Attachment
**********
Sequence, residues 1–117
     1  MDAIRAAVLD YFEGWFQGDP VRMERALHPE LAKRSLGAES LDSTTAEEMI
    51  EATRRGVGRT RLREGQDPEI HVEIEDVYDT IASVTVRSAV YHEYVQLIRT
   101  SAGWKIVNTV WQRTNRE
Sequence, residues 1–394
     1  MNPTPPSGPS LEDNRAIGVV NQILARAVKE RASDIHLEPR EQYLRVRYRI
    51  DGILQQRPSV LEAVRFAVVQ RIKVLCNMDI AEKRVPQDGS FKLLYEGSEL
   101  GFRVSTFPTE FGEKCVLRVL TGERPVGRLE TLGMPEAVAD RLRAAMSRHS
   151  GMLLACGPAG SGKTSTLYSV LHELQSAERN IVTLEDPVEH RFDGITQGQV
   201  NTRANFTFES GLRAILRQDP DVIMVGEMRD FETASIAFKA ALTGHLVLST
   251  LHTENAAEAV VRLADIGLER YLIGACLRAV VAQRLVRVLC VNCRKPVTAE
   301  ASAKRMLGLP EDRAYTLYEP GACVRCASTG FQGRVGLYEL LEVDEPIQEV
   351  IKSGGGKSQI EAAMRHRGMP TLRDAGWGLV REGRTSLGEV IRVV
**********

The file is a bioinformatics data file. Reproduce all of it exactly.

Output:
Sequence, residues 1–117
     1  MDAIRAAVLD YFEGWFQGDP VRMERALHPE LAKRSLGAES LDSTTAEEMI
    51  EATRRGVGRT RLREGQDPEI HVEIEDVYDT IASVTVRSAV YHEYVQLIRT
   101  SAGWKIVNTV WQRTNRE
Sequence, residues 1–394
     1  MNPTPPSGPS LEDNRAIGVV NQILARAVKE RASDIHLEPR EQYLRVRYRI
    51  DGILQQRPSV LEAVRFAVVQ RIKVLCNMDI AEKRVPQDGS FKLLYEGSEL
   101  GFRVSTFPTE FGEKCVLRVL TGERPVGRLE TLGMPEAVAD RLRAAMSRHS
   151  GMLLACGPAG SGKTSTLYSV LHELQSAERN IVTLEDPVEH RFDGITQGQV
   201  NTRANFTFES GLRAILRQDP DVIMVGEMRD FETASIAFKA ALTGHLVLST
   251  LHTENAAEAV VRLADIGLER YLIGACLRAV VAQRLVRVLC VNCRKPVTAE
   301  ASAKRMLGLP EDRAYTLYEP GACVRCASTG FQGRVGLYEL LEVDEPIQEV
   351  IKSGGGKSQI EAAMRHRGMP TLRDAGWGLV REGRTSLGEV IRVV